Date
22 October 2017
DPP chairperson Tsai Ing-wen welcomed mainland netizens to "come and experience democracy and freedom of speech". Photo: Facebook
DPP chairperson Tsai Ing-wen welcomed mainland netizens to "come and experience democracy and freedom of speech". Photo: Facebook

Taiwan’s DPP bet sees flood of mainland posts on Facebook page

Taiwan’s presidential election frontrunner Tsai Ing-wen saw her Facebook page overwhelmed by a sudden surge of messages from mainland netizens, demanding the island’s return to China.

But Tsai, who is running under the opposition Democratic Progressive Party (DPP), said she welcomes all messages left on her social media account, including those from the mainland, Ming Pao Daily reported on Thursday.

Facebook, which is blocked in China, appeared to have become suddenly accessible to mainland netizens since Tuesday night, and Tsai saw a flood of as many as 109,000 messages on her account as of 9 a.m. Thursday.

The DPP chairperson said she would rather look at the incident positively.

“We hope Chinese internet users have the opportunity to browse the Facebook accounts of different people, and I welcome them to visit my Facebook page,” Tsai said.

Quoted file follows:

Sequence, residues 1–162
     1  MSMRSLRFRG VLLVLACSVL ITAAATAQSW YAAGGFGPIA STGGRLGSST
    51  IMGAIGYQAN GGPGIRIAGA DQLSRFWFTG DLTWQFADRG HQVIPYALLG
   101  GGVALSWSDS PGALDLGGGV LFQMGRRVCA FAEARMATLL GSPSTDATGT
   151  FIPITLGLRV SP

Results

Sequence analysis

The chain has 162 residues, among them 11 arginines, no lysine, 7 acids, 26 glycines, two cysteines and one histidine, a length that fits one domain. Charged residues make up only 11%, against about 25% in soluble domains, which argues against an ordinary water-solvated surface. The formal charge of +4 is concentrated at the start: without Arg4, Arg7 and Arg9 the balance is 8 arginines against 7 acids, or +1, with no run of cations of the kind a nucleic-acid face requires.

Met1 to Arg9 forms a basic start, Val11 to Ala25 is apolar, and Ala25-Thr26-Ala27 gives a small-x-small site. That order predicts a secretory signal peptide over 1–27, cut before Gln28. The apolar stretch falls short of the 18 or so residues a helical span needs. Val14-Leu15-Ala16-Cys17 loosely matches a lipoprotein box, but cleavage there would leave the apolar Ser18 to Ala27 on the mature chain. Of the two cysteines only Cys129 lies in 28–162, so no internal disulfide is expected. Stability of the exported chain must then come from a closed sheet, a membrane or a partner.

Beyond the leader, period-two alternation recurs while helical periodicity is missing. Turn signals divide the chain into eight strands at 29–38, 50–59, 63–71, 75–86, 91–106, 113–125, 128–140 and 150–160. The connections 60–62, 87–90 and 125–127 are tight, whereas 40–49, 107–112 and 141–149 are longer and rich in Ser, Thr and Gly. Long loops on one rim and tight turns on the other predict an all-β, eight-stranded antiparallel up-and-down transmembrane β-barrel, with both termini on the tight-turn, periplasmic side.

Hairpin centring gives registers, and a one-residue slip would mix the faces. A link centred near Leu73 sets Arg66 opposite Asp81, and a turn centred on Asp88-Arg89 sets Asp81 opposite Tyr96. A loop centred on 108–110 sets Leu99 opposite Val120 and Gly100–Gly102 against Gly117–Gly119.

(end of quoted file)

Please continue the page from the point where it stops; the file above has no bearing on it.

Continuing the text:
Most of the mainland netizens who left messages on her Facebook page criticized and insulted the DPP as well as Taiwan and Tsai.

The posts included China’s national flag, messages like “Taiwan is always part of China”, and personal attacks on Tsai.

Taiwan netizens also posted messages on Tsai’s page, welcoming mainland netizens to “come and experience democracy and freedom of speech”.

Tsai posted a photo that reads  “Freedom” in English, and said she hoped the whole new experience would allow her “new friends” to take a closer look at a democratic, free and diversified Taiwan.

“Welcome to the world of Facebook,” she said.

DPP spokesperson Juan Chao-hsiung said the party respects freedom of speech and therefore would not delete any message or take legal action unless there were clear violations of the law.

Hu Yuan-hui, an associate professor at the Department of Communication of the National Chung Cheng University, said he believed the Chinese Communist Party was behind the sudden surge of messages on Tsai’s Facebook account.

Calling the flood of mainland messages “unwise”, Hu said it showed how irrational the regime in Beijing is and its attempt to influence Taiwan’s Jan. 16 elections can only be counter-productive.

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TL/AC/CG

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